In an interview with Fides News Agency, Brazilian-born international analyst, Roberto Alverez, confirmed that de-dollarization is economically and politically motivated (as countries resent financial control by Western institutions): “A friend who was at the African Import-Export Bank put together a platform helping 52 countries trade in local currencies. The bank estimated that $5 billion is saved a year! So de-dollarization has a very pragmatic aspect. It is about saving cash. Economies that are cash deprived will do anything to save money.”

Brazil’s economy is strongly tied to the dollar (over 80% of its foreign reserves are held in U.S. currency), yet on his first official visit to China, last year, President Luiz Inacio Lula da Silva publicly declared, “Every night I ask myself why all countries have to base their trade on the dollar. Why can’t we do trade based on our own currencies?”

The New Development Bank, Climate Change and Sustainable Development
Lula was visiting the Shanghai-based New Development Bank (NDB), one of BRICS tangible accomplishments. It was set up in 2015 to provide financing to projects in member and non-member countries especially related to infrastructure and sustainable development.

Rajasthan, India, the country’s largest state, has an extremely dry climate, coping with frequent droughts and aging irrigation systems. The NDB invested $345 million USD to restore a crucial canal system, built in the late 1950s, which dramatically increased water availability. The project was designed to support water conservation and crop diversification as well. The Rajasthan project is a good example of NDB priorities.

Dilma Rousseff, former president of Brazil and a close ally of Lula, was appointed NDB’s president last spring and will serve through July 2025. In her first address she confirmed, “NDB is a bank built by and for developing countries, where the voices of all member countries are equally heard,” a remark suggesting these countries are not heard by traditional players in international finance.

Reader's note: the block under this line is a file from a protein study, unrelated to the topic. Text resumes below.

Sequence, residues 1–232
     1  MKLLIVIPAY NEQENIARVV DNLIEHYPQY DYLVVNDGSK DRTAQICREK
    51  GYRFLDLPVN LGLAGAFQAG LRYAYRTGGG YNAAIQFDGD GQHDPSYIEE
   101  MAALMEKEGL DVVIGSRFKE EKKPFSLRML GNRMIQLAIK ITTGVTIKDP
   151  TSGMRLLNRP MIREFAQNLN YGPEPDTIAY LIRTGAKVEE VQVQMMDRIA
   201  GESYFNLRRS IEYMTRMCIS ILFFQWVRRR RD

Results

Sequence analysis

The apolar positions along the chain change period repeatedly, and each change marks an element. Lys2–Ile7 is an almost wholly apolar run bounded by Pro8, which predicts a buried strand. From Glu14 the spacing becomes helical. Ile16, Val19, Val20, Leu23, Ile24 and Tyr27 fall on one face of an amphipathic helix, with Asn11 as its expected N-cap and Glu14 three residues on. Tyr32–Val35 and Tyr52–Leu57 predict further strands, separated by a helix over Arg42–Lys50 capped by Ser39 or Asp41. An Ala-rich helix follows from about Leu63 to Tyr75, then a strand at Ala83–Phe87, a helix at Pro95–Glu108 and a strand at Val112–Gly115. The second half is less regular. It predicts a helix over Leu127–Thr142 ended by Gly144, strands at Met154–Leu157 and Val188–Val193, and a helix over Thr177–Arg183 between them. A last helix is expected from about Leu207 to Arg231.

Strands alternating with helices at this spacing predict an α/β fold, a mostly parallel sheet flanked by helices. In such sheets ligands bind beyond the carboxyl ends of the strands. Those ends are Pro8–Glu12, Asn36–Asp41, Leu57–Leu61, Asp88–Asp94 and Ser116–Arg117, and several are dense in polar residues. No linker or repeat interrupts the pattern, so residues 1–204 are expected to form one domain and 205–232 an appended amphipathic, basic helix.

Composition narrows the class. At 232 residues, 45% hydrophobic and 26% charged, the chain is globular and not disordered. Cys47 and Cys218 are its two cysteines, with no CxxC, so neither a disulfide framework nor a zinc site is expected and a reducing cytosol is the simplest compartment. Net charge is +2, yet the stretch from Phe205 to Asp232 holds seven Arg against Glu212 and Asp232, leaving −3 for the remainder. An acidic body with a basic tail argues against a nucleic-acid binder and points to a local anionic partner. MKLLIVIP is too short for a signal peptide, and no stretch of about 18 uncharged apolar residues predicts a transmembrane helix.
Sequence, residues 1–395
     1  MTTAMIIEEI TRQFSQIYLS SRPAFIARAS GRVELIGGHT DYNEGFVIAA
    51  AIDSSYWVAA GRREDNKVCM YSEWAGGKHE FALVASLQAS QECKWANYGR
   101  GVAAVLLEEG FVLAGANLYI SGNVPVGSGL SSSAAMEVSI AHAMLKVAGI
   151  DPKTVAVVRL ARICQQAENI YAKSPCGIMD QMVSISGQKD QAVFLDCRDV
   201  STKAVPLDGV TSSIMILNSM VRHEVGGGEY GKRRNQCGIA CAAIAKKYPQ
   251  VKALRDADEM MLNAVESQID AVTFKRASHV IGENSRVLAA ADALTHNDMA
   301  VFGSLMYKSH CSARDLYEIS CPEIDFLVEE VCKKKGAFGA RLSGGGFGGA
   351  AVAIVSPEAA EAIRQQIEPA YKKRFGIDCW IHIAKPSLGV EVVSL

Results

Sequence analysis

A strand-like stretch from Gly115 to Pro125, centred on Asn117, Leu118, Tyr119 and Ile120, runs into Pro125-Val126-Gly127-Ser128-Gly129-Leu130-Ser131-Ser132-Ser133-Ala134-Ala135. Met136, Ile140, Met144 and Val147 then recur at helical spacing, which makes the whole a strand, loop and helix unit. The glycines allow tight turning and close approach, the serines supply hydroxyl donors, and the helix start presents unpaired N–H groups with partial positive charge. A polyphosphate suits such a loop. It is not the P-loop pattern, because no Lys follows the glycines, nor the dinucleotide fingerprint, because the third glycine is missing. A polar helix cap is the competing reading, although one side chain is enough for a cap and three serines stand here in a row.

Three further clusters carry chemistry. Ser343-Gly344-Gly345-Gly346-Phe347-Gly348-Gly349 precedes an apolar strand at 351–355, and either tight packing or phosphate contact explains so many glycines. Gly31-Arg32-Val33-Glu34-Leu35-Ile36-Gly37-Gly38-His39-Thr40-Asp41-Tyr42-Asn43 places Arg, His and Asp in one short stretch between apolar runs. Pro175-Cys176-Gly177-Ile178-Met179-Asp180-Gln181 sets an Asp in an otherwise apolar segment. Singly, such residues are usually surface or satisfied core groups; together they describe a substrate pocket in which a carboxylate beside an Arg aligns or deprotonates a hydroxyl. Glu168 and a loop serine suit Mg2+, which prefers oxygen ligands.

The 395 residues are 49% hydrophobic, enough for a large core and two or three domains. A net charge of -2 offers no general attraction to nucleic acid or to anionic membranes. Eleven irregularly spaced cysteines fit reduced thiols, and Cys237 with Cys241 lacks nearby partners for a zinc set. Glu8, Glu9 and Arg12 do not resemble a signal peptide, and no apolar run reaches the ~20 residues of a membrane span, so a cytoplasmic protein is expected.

Rousseff also made clear NDB’s commitment to climate change goals: “We support the national strategies of the Bank’s member countries to reduce greenhouse gas emissions, by financing renewable energy, green and resilient infrastructure, aiming at low-carbon growth.”

Rousseff was Brazil’s president, 2011-2016, so she helped create the NDB. Although she left office under duress, impeached on complicated corruption charges, Pope Francis defended her last year, calling her, “A woman of clean hands, an excellent woman.” The Holy Father suggested both Rousseff and Lula were victims of “lawfare,” the use of media and legal proceedings to target political opponents.

More Like a Polyhedron?

Besides appreciating the NDB president, the bank, as an enterprise, has characteristics sure to appeal to the Holy Father. It is openly committed to projects that benefit the environment, projects that are self-sustaining because they are beneficial.